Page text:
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Blog Posted in avatar   Johnny Simpson's Blog

The World v. Ahmadinejad and Khamenei et al

By Johnny Simpson
Posted Feb 14, 2011 in World
On January 29, 2011, the Islamist extremist regime in Iran executed by hanging Dutch-Iranian citizen Zahra Bahrami, even while Ms. Bahrami's two Dutch government-appointed lawyers were investigating her case for appeal. As a result of Ms. Bahrami's execution the Dutch recalled their ambassador to Iran, broke off relations with the Islamist regime and established the anti-regime website Holland Calling. Perhaps most noteworthy of all was the measure approved by the Dutch Parliament to officially bring charges of murder against the regime before the International Criminal Court in The Hague.
If the Dutch do succeed in bringing their case against the regime to the ICC, it could open up a whole can of human rights worms the regime would rather keep sealed shut, and could eventually lead to a full-blown Nuremberg-like trial for regime leaders when it finally falls from power. There are many other nations and individuals who could and should bring charges against the regime in Iran on any number of war crimes and crimes against humanity. In point of fact, many current leaders in Iran are now wanted by Interpol for their involvement in the devastating terror attacks in Argentina in 1992 and 1994 which killed dozens and wounded hundreds more. The regime in Iran has to date refused to respond to or comply with the Interpol warrants as recently as November 2010.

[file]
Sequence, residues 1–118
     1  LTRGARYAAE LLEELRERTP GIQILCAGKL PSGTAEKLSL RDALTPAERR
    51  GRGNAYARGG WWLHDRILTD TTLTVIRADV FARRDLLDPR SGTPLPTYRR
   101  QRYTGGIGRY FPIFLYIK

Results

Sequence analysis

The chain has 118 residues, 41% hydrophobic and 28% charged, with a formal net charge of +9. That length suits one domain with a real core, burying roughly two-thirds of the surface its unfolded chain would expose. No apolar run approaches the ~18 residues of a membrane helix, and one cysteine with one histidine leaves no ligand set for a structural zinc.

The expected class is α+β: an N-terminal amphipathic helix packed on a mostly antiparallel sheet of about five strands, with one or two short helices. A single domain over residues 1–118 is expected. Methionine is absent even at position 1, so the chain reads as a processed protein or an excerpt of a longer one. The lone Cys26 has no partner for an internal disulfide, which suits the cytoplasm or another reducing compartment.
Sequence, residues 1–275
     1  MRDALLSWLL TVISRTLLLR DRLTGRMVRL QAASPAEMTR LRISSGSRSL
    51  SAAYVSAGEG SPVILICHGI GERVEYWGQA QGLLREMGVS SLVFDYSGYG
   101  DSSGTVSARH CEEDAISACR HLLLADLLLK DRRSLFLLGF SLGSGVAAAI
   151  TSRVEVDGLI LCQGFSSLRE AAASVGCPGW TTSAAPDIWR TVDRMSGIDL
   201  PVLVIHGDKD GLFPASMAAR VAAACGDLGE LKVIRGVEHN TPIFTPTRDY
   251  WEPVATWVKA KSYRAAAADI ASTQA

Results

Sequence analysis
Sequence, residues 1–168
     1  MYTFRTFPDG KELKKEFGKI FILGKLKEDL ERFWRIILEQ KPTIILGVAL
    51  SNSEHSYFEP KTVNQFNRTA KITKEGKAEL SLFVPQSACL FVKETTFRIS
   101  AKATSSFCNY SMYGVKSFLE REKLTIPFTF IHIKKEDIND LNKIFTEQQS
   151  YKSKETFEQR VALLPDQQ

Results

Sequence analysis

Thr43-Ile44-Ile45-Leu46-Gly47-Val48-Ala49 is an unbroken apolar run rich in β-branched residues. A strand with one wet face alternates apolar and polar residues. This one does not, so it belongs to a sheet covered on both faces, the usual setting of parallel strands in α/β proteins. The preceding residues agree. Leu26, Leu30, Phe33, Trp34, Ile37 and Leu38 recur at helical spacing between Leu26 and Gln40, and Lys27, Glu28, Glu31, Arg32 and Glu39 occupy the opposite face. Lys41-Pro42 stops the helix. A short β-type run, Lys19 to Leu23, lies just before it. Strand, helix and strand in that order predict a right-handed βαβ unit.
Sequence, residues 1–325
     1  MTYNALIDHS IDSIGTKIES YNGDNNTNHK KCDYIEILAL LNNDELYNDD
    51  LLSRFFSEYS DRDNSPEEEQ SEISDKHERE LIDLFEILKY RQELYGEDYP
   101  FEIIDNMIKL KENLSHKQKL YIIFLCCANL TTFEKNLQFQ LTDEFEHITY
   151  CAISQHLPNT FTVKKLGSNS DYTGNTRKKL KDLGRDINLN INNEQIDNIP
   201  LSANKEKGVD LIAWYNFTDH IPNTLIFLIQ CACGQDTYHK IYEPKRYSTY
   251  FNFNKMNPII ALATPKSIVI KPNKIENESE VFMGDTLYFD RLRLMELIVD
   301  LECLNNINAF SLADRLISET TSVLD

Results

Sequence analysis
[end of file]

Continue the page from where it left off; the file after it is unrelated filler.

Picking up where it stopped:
And that's just Argentina. There is also the Khobar Tower bombings in Saudi Arabia in 1996, for which the regime in Iran just lost a civil suit to the tune of $10,150,000.00 in a Washington, D.C. court. The judge overseeing that case stated that the acts of the IRI regime and IRGC were "nothing short of extreme, outrageous, and beyond all bounds of civil decency.” The regime is also responsible for hundreds dead and thousands wounded in Iraq and Afghanistan, as they attempt to destabilize both nascent democracies by training and supplying both the Sunni Taliban and Shiite Hizb'ullah in Iraq with heavy weaponry and devastating EFP-laden IEDs. By any sane definition, the Islamist regime in Iran is repeatedly committing acts of war and crimes against humanity in both countries, as many civilians have died as well as NATO and US soldiers.
The list of possible charges against the regime is endless, and that's just outside Iran's borders. Since the Islamic Revolution, it is estimated that over 100,000 Iranian citizens have been murdered by the regime. An estimated 6000 alone have been jailed, tortured and executed merely for the crime of being gay, which became a capital offense with the Islamist takeover in 1979 under the severe Khomeinist law of Lavat. The remainder are political opponents, dissidents, students, defiant women, young girls who had the misfortune of being raped in misogynist Iran, and anyone who even showed the least of resistance to the regime or its arbitrary and capricious laws. Innocent Iranians can be unjustly jailed, tortured, raped and even executed merely for complaining about all the unjust jailings, torture, rapes and executions the regime commits on a daily basis.